Of the Shallow Breaths of Unfinished Stories

Pay attention. This isn’t a comment aimed at you, the reader, though you may also take note. This is a public note to self. Pay attention to all the unfinished pieces that lie deep down in the dusty archive of the laptop’s innards, or in between the pages of notebooks. What could these pieces become, if only they’re paid attention to?

Writing something straight out, there and then, as it comes, has its advantages. There’s no time for it to settle into the page, to sink in, to let the pause of several days take affect on your writing emotions. Writing something straight out, then leaving it to settle, is often the better way to do it.

In the pause, in the gap that ideas and words fall into, in the space where no words scroll down the waking screen of our day to days, we can fall into states not conducive to words: apathy, doubt, that inner editor’s eye. Later still, other ideas form and supersede the unfinished ones.

I would like to know how many unfinished pieces other writers have; or, if they’re like me, how many pieces do others think they have? Estimations are useful for large numbers.

Why do we stop writing, leaving such pieces hanging?

I stop because I pause to think, close my notebook for a short while, and get distracted by necessary unnecessaries; I wait too long for the moment of that particular writing flow to wash over me again; I re-read when I should just be writing; I doubt the characters or the scene, momentarily; I just don’t focus on writing through it; I forget to write the characters the way they tell me they should be written, trying instead to write them how I perceive other readers want them to be.

When it comes together, it’s because I’m focused, true to what I’m writing, going with the flow I find myself in. More often than not, when I re-read writing later, after its settling, the words that have been placed down in such focused ways are the ones I feel more comfortable with.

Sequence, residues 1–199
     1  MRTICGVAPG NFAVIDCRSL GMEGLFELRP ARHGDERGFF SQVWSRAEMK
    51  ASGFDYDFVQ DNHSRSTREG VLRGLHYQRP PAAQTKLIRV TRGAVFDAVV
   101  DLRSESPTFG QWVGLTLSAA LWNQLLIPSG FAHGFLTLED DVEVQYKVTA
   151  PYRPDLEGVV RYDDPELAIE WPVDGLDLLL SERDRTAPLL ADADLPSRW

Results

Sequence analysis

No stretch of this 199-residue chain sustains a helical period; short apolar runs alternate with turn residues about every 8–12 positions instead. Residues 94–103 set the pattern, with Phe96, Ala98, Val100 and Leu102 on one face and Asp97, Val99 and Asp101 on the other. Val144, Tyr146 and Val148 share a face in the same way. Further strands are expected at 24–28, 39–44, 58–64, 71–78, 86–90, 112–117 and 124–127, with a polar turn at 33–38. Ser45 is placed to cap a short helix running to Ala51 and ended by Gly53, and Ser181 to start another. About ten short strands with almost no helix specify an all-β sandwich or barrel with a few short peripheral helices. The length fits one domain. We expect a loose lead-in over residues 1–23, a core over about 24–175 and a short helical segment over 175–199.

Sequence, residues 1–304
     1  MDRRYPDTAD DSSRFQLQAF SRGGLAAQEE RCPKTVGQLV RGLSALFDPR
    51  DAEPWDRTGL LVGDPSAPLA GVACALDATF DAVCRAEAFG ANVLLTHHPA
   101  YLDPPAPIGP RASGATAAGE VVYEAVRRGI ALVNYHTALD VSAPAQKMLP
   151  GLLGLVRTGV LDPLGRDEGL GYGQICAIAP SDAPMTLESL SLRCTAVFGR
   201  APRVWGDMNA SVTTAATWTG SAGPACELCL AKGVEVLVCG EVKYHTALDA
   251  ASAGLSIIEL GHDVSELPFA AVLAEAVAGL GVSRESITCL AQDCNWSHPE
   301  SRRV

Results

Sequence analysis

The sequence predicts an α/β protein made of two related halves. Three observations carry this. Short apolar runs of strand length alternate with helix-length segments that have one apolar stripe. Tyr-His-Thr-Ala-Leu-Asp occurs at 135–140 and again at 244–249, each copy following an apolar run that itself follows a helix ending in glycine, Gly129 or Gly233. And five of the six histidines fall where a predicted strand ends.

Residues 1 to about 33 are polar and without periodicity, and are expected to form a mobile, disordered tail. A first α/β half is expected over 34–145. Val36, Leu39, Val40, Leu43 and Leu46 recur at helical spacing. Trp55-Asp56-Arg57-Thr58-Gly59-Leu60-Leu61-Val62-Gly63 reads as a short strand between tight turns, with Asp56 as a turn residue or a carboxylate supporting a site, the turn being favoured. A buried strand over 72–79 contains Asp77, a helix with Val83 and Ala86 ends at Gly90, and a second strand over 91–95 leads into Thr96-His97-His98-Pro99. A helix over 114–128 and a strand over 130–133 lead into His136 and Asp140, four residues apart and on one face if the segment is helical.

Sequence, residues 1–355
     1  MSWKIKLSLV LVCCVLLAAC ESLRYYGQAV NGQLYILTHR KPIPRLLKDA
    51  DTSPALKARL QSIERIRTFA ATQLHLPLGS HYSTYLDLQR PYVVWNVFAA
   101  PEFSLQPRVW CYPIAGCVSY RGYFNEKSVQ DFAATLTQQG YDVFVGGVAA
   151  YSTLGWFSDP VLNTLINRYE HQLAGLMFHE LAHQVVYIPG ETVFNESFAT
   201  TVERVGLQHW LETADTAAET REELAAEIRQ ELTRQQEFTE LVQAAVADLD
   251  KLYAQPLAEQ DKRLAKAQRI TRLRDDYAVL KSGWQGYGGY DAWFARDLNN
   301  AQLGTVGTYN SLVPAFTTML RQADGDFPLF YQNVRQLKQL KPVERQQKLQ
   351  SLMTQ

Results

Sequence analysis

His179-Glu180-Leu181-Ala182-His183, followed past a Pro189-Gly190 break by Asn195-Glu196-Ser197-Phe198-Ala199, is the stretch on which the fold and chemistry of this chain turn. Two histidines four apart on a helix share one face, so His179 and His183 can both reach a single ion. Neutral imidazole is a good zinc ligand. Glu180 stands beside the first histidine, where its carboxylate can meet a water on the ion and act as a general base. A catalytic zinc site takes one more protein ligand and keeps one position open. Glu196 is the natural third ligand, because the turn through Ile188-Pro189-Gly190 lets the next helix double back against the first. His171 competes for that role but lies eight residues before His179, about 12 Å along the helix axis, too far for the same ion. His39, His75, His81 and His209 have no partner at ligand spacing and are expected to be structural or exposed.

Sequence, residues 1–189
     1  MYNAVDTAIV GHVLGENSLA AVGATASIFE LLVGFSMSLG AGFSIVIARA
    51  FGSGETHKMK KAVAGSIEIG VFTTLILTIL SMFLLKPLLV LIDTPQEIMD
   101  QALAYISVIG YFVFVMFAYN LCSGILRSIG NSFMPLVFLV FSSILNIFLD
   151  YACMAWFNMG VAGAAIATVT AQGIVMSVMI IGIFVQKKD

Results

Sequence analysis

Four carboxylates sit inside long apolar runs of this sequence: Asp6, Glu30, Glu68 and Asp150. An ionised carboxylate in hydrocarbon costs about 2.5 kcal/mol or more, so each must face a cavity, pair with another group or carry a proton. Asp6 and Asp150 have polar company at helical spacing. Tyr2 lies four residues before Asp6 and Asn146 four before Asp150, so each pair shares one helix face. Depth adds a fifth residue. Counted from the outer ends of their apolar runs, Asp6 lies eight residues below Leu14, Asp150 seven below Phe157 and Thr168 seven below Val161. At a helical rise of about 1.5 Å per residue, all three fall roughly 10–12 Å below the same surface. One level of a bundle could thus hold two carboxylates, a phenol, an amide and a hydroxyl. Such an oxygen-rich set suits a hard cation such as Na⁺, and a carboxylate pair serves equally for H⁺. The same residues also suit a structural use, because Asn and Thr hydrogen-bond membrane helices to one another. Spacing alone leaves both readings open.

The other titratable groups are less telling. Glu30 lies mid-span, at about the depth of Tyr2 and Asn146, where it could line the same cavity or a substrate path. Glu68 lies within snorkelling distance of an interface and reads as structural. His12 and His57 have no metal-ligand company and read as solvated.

However, there is hope for the unfinished piece. Occasionally we can find our way back to that place of flow, where that particular piece was born; we can see enough of the original shine to be able to recreate it, clone the mood we were in; we can reconnect with the style we had, that day, that week, once, if that style is something we still carry within us. There is small hope, though ideally we should not have let the piece get away from us to start with.

I think of the poor unfinished things, those limp creatures pressed away somewhere dark or deep; I think of the shine they once must have had for them to reach the point of ink or pixels on the screen. What will become of them? Will they ever receive love enough, small hope, to complete them? They’re like half-formed experiments, breathing shallowly, waiting.

So, a public note to self (which others may also make note of): pay attention — stories breathe.
 
 

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4 thoughts on “Of the Shallow Breaths of Unfinished Stories

  1. chrisup says:

    Fifty, seventy, a hundred maybe; I wouldn’t know…. Come to think of it, I was never a finisher. Nice post, btw. Made me want to look at my old stuff again.

    • joelseath says:

      Fifty, seventy, a hundred maybe . . . that inexact amount appeals to the ears of my poor unfinished things (and me!) Thanks for taking the time to read and comment.

  2. Hazer says:

    It seems like a puzzle piece at times. But I totally agree, I wouldn’t throw anything away, I would keep for records and if someday it fits I go with it.

    • joelseath says:

      Never throw anything away, absolutely. It’s a philosophy I’ve stood by for many years. Some writers say, ‘Why keep words that are going nowhere?’ I say all stories, even the unfinished ones, are creations deserving of our thought: they’re living things. They also reflect the writer we once were. More importantly though, if we see it fit to create them then we should look after them.

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